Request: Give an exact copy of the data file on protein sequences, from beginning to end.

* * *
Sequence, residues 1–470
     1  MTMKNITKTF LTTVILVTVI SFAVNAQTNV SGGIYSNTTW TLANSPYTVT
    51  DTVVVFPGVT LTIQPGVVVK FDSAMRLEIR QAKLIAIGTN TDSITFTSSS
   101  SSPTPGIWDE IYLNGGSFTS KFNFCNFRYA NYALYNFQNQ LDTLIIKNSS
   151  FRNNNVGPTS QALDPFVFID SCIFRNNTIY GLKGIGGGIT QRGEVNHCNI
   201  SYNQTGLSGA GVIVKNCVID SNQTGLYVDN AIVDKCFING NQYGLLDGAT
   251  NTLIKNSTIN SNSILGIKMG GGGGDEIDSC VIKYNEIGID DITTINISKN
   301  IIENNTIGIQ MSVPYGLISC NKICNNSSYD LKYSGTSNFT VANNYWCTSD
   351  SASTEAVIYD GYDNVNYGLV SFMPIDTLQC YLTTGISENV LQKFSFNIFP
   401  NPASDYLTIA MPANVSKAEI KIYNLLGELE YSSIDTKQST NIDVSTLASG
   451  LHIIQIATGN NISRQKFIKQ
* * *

Sequence, residues 1–470
     1  MTMKNITKTF LTTVILVTVI SFAVNAQTNV SGGIYSNTTW TLANSPYTVT
    51  DTVVVFPGVT LTIQPGVVVK FDSAMRLEIR QAKLIAIGTN TDSITFTSSS
   101  SSPTPGIWDE IYLNGGSFTS KFNFCNFRYA NYALYNFQNQ LDTLIIKNSS
   151  FRNNNVGPTS QALDPFVFID SCIFRNNTIY GLKGIGGGIT QRGEVNHCNI
   201  SYNQTGLSGA GVIVKNCVID SNQTGLYVDN AIVDKCFING NQYGLLDGAT
   251  NTLIKNSTIN SNSILGIKMG GGGGDEIDSC VIKYNEIGID DITTINISKN
   301  IIENNTIGIQ MSVPYGLISC NKICNNSSYD LKYSGTSNFT VANNYWCTSD
   351  SASTEAVIYD GYDNVNYGLV SFMPIDTLQC YLTTGISENV LQKFSFNIFP
   401  NPASDYLTIA MPANVSKAEI KIYNLLGELE YSSIDTKQST NIDVSTLASG
   451  LHIIQIATGN NISRQKFIKQ